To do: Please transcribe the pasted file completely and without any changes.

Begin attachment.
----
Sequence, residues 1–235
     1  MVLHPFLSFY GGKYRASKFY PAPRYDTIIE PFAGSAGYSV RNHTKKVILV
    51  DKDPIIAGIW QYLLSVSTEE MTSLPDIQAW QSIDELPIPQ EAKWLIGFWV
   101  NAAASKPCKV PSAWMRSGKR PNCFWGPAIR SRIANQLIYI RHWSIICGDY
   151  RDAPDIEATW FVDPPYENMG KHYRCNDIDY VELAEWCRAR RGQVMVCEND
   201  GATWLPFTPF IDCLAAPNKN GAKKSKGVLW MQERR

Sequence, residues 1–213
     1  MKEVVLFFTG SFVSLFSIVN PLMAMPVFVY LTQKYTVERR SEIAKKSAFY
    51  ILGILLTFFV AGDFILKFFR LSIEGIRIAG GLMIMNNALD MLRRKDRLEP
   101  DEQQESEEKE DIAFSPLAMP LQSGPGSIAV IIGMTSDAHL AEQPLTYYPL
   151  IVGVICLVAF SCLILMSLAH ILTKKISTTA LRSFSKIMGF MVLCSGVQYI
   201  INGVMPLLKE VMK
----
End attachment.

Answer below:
Sequence, residues 1–235
     1  MVLHPFLSFY GGKYRASKFY PAPRYDTIIE PFAGSAGYSV RNHTKKVILV
    51  DKDPIIAGIW QYLLSVSTEE MTSLPDIQAW QSIDELPIPQ EAKWLIGFWV
   101  NAAASKPCKV PSAWMRSGKR PNCFWGPAIR SRIANQLIYI RHWSIICGDY
   151  RDAPDIEATW FVDPPYENMG KHYRCNDIDY VELAEWCRAR RGQVMVCEND
   201  GATWLPFTPF IDCLAAPNKN GAKKSKGVLW MQERR

Sequence, residues 1–213
     1  MKEVVLFFTG SFVSLFSIVN PLMAMPVFVY LTQKYTVERR SEIAKKSAFY
    51  ILGILLTFFV AGDFILKFFR LSIEGIRIAG GLMIMNNALD MLRRKDRLEP
   101  DEQQESEEKE DIAFSPLAMP LQSGPGSIAV IIGMTSDAHL AEQPLTYYPL
   151  IVGVICLVAF SCLILMSLAH ILTKKISTTA LRSFSKIMGF MVLCSGVQYI
   201  INGVMPLLKE VMK